70% of M.D.s Stressed by EHRs, Orthopedic Surgeons Hit Worst | Orthopedics This Week
Large Joints and Extremities

70% of M.D.s Stressed by EHRs, Orthopedic Surgeons Hit Worst

Is it the computer burning, or is it your mind? / Source: Pixabay and andreas160578

Orthopedists as a group are suffering more stress from being metaphorically chained to electronic health records systems (EHRs) than any other specialty, a new study says.

Of 1,792 physicians who responded to a survey sent to all physicians practicing in Rhode Island, 70% said they were stressed by using their electronic health records systems, and 26% reported that they were burned out by their EHRs.

“Among the 15 most commonly reported specialties, the specialty with the highest prevalence of HIT-related (HIT = healthcare information technology) stress was orthopedic surgery (86.5%), followed by general internal medicine (86.0%) and family medicine (83.2%),” the report said.

When it came to “burnout” (the worst level of stress), “only” 23.9% of orthopedic surgeons were so categorized; the top of the burnout list was family medicine, 35.7%.

What is “burnout” as used in the study?

The EHR study used a question from a 2002 study, “The US Physician Worklife Study,” to define burnout. In that prior study, physicians were asked to rate whether they felt burned out on a scale of 1-5.  In the EHR study, a respondent is considered burned out if she or he answers yes to any of these three levels on the burnout scale: 3) “I am definitely burning out and have one or more symptoms of burnout, e.g., emotional exhaustion;” 4) “The symptoms of burnout I am experiencing won’t go away. I think about work frustrations a lot;” or 5) “I feel completely burned out. I am at the point where I may need to seek help.”

Just how bad is burnout?

The EHR study says, “Physicians who report burnout symptoms have higher rates of turnover, higher prevalence of substance use disorders, and more malpractice claims. Patients of burned-out physicians experience more errors, have lower satisfaction with their care, and experience more unnecessary tests and consultations. Healthcare systems bear higher costs when their physicians are burned out: replacing a physician costs anywhere from $250,000 to a million dollars, and burned-out physicians may have more absences and lower productivity.”

“Physicians have identified electronic health records (EHRs) as an important component in burnout, and dissatisfaction with one’s EHR is associated with intent to reduce clinical work hours and leave one’s current practice…computerized physician order entry was an important predictor of burnout in physicians’ electronic environment,” the EHR study says.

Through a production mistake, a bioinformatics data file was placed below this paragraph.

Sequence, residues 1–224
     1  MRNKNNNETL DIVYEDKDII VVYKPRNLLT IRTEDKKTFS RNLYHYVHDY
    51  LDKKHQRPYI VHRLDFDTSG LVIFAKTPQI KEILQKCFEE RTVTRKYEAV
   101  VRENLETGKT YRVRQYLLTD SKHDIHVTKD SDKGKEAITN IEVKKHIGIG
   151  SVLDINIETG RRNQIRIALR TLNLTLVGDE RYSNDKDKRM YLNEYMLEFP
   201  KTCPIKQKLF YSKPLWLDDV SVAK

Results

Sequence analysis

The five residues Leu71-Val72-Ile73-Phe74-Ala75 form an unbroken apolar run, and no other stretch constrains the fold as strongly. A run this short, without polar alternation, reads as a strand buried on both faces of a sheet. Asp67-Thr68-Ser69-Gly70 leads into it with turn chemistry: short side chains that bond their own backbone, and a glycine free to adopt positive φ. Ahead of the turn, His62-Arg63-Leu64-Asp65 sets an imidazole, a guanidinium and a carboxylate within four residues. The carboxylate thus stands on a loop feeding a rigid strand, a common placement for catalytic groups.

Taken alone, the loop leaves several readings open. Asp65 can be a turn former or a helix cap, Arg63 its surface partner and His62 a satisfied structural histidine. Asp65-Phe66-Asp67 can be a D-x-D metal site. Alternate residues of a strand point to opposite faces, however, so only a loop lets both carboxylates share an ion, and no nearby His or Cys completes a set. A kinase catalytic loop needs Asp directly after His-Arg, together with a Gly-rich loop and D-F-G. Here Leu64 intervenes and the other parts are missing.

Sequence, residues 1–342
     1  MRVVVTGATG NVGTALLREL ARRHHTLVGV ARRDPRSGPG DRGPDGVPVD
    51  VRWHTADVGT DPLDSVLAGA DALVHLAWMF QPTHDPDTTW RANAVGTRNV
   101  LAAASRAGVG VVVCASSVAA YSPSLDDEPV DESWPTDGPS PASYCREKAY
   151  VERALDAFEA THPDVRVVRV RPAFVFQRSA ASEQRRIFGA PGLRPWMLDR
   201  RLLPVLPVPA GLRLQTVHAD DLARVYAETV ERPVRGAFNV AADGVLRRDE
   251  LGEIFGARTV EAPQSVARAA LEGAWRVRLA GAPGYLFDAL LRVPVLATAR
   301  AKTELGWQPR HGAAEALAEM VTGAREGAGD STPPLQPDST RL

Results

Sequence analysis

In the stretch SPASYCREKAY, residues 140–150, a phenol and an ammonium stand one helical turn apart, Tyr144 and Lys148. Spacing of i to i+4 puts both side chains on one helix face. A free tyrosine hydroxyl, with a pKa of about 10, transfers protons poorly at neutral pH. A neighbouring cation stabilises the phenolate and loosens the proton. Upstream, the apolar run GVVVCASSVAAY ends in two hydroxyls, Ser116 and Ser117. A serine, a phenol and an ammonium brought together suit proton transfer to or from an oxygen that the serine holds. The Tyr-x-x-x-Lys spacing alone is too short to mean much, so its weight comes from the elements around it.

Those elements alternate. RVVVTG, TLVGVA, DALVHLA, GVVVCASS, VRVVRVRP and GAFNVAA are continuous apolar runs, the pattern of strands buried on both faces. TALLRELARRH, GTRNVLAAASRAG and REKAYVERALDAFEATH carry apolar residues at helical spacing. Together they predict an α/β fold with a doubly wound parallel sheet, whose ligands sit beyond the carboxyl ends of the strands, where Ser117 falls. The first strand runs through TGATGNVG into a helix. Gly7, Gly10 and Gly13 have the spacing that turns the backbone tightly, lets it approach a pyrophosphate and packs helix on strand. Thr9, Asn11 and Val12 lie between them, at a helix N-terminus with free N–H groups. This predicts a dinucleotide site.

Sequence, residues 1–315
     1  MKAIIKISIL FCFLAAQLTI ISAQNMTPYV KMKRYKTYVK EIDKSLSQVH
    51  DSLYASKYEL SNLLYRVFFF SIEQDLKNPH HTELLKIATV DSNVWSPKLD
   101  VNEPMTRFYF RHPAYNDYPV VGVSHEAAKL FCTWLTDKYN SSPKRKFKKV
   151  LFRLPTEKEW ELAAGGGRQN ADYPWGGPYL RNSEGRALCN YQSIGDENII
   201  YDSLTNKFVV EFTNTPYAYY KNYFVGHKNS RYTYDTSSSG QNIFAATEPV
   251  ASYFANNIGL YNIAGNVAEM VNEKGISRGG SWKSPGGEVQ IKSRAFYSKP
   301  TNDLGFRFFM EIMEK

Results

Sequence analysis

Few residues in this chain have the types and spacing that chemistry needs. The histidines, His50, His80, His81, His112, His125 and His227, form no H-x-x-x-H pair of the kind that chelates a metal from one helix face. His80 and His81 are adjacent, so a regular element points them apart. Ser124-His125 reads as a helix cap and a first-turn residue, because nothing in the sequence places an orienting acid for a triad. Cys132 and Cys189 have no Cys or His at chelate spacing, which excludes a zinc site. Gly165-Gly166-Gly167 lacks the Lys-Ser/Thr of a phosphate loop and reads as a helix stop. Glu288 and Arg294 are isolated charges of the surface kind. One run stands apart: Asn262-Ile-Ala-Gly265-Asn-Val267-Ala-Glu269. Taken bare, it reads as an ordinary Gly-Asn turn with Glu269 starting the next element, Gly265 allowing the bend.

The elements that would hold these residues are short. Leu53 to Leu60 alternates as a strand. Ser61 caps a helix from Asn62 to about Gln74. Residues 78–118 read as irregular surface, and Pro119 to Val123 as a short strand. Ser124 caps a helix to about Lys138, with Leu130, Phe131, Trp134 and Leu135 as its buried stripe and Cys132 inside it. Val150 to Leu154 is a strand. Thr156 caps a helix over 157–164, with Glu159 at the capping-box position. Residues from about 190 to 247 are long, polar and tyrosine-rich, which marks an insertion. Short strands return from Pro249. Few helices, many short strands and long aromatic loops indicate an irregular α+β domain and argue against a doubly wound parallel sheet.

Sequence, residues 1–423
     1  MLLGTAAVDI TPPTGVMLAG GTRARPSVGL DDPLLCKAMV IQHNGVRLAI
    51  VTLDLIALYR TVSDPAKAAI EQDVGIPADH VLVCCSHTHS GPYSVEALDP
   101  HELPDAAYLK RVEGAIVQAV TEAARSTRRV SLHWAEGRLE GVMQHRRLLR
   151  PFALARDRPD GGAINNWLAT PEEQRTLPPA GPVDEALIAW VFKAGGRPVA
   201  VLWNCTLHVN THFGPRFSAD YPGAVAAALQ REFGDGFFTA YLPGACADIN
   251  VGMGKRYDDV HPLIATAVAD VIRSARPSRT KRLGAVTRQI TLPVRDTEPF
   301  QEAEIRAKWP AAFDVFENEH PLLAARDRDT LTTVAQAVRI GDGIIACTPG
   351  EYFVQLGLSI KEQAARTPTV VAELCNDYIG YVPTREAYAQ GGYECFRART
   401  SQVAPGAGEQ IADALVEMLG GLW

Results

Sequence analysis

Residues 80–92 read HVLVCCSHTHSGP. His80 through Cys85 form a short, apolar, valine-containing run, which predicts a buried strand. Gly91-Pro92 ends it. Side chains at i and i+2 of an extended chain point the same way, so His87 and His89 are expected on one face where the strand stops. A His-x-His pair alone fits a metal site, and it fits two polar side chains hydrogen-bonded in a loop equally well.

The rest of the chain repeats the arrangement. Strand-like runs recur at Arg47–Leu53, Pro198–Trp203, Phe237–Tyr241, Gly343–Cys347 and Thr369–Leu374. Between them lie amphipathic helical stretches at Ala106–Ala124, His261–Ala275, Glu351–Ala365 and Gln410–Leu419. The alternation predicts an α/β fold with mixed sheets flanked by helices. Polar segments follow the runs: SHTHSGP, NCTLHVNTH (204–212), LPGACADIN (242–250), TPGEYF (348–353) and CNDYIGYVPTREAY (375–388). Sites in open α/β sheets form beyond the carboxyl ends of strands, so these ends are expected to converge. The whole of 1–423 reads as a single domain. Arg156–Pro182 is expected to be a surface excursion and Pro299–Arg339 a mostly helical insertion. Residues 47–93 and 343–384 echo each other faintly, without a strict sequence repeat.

About 78% of the physicians in the survey said their EHRs improved billing, and 69.2% said they improved communications among physicians and staff.  However, only 51.9% said they improved patient care and only 48.6% said they improved clinical workflow.

Nearly 83% of responding physicians report using their EHRs remotely, which is bad:  the main reason, by far (59.7% of remote users) said the reason was their inability to finish documenting during working hours.

What to do about it?

“Potential interventions include scribes, team-based documentation with an enhanced role for medical assistants, ‘at-the-elbow’ EHR training, additional time to document during the work day, and streamlined documentation expectations.”

The trouble with additional time, of course, is that physicians aren’t paid for it. Other suggestions:

  • Ban work-related emails while the physician is on vacation (which, the study says, would require changes so that the physician can be sure the patient is being cared for);
  • Billing that does not rely on documentation;
  • Inclusion of EHR users into the system design process;
  • More intuitive user interfaces that are standardized across settings;
  • Harmonized quality metrics, and
  • Automated data collection that can pull from free text instead of fields and check boxes.

The EHR research, reported in the December 5, 2018 issue of theJournal of the American Medical Informatics Association(JAMIA), published by Oxford University Press USA, lists several authors, led by Rebekah L. Gardner of the Department of Medicine, Warren Alpert Medical School, Brown University, Providence, Rhode Island, and Healthcentric Advisors, Providence, Rhode Island. An abstracts is available.

An abstract or copy of the prior, 2002 Physician Worklife report (which might tell you a great deal about how your own level of stress compares with that of other physicians, is available online.


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